Title: Confederate Army Private, prisoner of war, Civil War; home furnishings/hardware store owner
Birthdate: April 27, 1823
Death Date: October 9, 1895
Plot Location: Section 202, Lot 10
Some of the most interesting moments in Jacob’s life were in his first and his last days, although his war service was also memorable. The last years resulted in several changes to his will and the family having two different mausoleums, which will be explained later.
His father, Paul, came from Nuremberg, Germany and was living in Chambersburg, Pennsylvania when he married a Philadelphia girl named Catherine. Everyone called her Kitty, but her maiden name was Kite. She went from Kitty Kite to Kitty Hoeflich on October 19, 1809, when she was 16 years old.
They must have taken to heart the instruction given to Noah’s wife to “be fruitful and multiply.” Kitty became pregnant a month later, and over the next 26 years she gave birth to eight boys and six girls. All of them were born in Chambersburg, and Jacob was right in the middle: the seventh of the 14, and the fourth among the eight boys. What’s remarkable, for that time period, was that each of the 14 children lived well into adulthood and most were over 65.
Paul’s occupation is unknown but he served in the War of 1812. That would explain the relatively long gap between the births in 1812 and 1816. He saw the birth of his 14th child in 1836 but he died five months later. By that time Jacob was a teenager and there were six siblings older than him who could look after the family.
Kitty and most of her family migrated to Philadelphia by the 1840s. That’s where Jacob met and married Abigail Ann Hampton on April 27, 1848. They had their first child, Paul, the following year, then moved to Richmond, Virginia. Five more children were born there but only two, Bill and Abbie, lived past 18 months.
His occupation in the 1850 and 1860 census reports was a “confectioner” but he was also a sympathizer of the Southern way of life. He was listed on an 1850 Virginia Slave Schedule as having one enslaved boy, age 9, but not on any such listing in 1860. He did swear allegiance to the Confederacy in 1864 when he joined Company F of the 2nd Regiment, Virginia Reserves. Jacob was 41 when he became a prisoner of war.
After he was released in July of 1865, the Hoeflich family returned to Philadelphia. Jacob set up a confectionary store on Lombard Street that lasted a few years, then in 1874 he made and sold picture frames. In 1877 he moved to 2204 South Street where Bill helped him run a home furnishings store.
A few years later Bill left to make awnings. Paul, who had stayed in Richmond, moved back and worked most of the 1880s with his father, who changed the store’s focus to hardware. That was Jacob’s last and best business effort, remaining there until he died in 1895.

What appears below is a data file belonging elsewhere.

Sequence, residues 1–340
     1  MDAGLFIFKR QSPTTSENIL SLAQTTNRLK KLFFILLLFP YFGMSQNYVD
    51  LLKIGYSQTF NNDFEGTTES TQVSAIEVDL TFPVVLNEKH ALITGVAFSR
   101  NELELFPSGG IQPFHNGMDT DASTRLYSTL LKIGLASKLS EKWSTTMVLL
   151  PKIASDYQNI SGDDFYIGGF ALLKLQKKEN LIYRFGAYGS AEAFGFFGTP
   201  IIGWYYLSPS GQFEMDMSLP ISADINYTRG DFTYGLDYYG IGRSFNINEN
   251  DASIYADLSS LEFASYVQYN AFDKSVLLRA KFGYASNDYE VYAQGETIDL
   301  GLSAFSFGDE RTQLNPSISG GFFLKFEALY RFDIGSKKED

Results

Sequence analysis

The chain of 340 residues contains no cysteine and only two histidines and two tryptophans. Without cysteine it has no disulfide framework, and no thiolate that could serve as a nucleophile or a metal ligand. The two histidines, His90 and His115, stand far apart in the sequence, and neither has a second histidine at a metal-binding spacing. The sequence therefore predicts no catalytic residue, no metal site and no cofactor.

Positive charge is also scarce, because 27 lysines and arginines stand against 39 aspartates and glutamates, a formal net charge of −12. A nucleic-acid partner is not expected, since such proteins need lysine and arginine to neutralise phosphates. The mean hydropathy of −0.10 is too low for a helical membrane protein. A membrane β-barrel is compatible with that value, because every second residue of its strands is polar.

There was some kind of falling out with his sons which prompted him to amend his will more than once. Jacob had a simple will drawn in 1879 where his wife was executrix and received his entire estate. In 1889 he wrote an amendment (called a codicil) where he requested that, if she survived him, she should place the estate in trust “as our children are not fit to handle it.” That was changed in 1892 to leave a small share to Bill’s daughters and make his daughter, Abigail Hoeflich Foster, his executrix.
Jacob even specified the type of mausoleum he wanted, designating $2000 to pay for it. Abbie had it built in Section 202 on the Philadelphia side, and had the name “Hoeflich-Foster” inscribed over the door because it would also be used by her and her husband’s family.
Jacob died of pneumonia in 1895, after which Abigail appealed the change of executrix to his daughter, but she lost. She drafted her own will in 1904, leaving one dollar to Abbie “because of the unkind manner in which she has treated me, her mother.” She wrote the same regarding Bill and Paul.
She then directed that her estate be managed by the Girard Trust Company to benefit her grandchildren. However, by the time she died in 1912, Bill had one living daughter, Paul never had children, and Abbie had only one of her three children alive.
One other directive was to spend at least $5,000 and up to $10,000 on her own mausoleum on her lot on the Yeadon side. She stated her desire for it to be the resting place of Jacob, herself, and the three children. What she didn’t know was that her estate was appraised at only $5,000, and that the unique structure would resemble a chapel. The name above the door reads “A.A. Hoeflich.”
The only others to use her mausoleum were Paul and his wife plus Bill, since Bill’s wife was buried elsewhere. The Hoeflich-Foster mausoleum includes Jacob, Abbie, her husband, and three of her four children.
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